A close look

This morning I looked at a couple of the specimens I collected yesterday morning. You may find an ick factor but it is really fascinating actually.

I have not figures out what skull this belonged to, but let me know if you recognize it.

In one of the crevices, we found these eggs!

This one still seems to be occupied. It is just over 2mm long.

This one was empty. Some might have escaped already, but I have not found any of them. Gasp!

You can see the lid where it got out on the top right. It is a really pretty egg. I have put the eggs in a container to see if I get something. Stay tuned.

Here is some of the ick part. This fungus is on cow dung. Michael Kuo of the MushroomExpert.com says “You know that your obsession with fungi has become a true problem when you find yourself on hands and knees excitedly examining” on dung. I think everything has become an obsession for me LOL.

Separated from the dung. While researching to see if I could come up with a name for it, I found one called the common dung cup in the genus of Peziza. I even found one site that talked about a species on zebra dung in the same genus. There are tons of species around the world so I’m not going any further with this one.

Sections under the dissecting scope. There are many colors of fungi that can be found on dung.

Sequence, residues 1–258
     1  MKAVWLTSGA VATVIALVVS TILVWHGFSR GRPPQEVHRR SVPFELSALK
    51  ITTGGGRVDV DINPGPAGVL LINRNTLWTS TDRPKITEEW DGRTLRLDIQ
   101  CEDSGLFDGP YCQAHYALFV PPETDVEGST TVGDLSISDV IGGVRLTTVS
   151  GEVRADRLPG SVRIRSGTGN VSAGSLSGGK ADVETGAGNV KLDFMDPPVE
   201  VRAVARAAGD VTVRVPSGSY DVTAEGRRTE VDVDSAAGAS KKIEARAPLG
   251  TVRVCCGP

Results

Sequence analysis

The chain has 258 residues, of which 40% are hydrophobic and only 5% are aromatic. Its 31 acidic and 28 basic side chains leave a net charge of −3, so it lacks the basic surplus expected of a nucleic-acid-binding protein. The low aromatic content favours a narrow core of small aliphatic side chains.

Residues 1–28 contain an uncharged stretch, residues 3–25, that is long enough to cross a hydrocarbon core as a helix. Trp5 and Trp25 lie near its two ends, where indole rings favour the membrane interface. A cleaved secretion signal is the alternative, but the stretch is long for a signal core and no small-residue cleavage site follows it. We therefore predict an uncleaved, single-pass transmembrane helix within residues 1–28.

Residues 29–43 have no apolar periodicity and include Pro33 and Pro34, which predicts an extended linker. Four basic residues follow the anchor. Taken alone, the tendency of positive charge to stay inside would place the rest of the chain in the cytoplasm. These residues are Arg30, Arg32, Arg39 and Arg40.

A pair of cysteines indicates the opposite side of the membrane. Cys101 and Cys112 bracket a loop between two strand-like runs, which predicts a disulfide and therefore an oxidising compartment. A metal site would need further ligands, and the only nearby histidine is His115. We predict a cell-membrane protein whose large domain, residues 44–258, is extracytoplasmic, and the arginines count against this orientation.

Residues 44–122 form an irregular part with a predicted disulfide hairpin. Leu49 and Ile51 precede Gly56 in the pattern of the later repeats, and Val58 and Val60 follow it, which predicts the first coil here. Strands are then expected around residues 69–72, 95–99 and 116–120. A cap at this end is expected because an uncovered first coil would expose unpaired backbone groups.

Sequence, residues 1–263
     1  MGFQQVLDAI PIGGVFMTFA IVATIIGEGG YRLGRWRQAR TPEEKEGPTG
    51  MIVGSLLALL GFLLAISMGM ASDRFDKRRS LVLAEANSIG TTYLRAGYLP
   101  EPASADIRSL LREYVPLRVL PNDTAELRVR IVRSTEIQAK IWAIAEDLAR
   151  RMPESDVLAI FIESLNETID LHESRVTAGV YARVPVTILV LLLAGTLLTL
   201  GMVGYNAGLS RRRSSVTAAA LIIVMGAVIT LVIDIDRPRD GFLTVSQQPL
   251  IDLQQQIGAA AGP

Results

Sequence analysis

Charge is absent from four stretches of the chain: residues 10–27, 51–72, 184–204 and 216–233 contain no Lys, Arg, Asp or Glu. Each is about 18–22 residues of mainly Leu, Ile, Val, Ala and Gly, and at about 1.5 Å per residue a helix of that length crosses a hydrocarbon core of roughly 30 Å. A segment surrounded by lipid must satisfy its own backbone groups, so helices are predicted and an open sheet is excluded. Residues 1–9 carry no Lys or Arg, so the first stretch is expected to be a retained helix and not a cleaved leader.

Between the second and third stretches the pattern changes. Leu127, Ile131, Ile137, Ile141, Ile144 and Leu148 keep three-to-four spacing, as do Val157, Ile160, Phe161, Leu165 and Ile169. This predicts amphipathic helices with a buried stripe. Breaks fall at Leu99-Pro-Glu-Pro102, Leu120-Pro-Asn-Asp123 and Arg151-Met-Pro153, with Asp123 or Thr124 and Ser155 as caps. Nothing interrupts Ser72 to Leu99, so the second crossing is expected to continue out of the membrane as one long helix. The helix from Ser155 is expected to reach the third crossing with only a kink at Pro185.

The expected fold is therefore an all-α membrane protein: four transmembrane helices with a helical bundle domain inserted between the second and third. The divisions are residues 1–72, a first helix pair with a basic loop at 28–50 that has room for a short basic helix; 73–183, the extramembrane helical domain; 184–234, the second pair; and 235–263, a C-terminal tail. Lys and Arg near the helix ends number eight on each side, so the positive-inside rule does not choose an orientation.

I was really surprised to see these purplish spores. I had never seen that color of spores before. It was exciting! I can tell that it is a fungus because it has hyphae. It is an ascomycete type fungus because its spores are in an ascus. Asci are the sacks holding the spores. A lot of mushrooms’ spores belong to the basidiomycetes. Difference Between Ascocarp and Basidiocarp explains it much better than me.

It was pretty darn cool! I found more on my dung sample, but that will have to wait for another post.

Keep looking!


  1. My skull book seems to me to indicate that a coyote has a longer snout. I am actually leaning to a dog.

  2. In College Station, when I worked at a USDA entomology lab, they used to bring fresh cow patties in for us to count horn fly eggs. At least you don’t have to deal with the fresh factor. LOL

    1. Actually I have read that you don’t want to collect it when it is fresh if you are looking for fungus. That makes it nice for the fungus collectors LOL.

    1. Hi Jan! Nice to hear from you! I have a little skull book that I used for keying most of the common species but it did not help in this case. I tried to make it a bobcat or raccoon, but neither worked out LOL. I was thinking it might be a dog.

  3. Those are so cool! Purple spores!! Shiny eggs! I know a forensic entomology person if you need help with the identification once it hatches…

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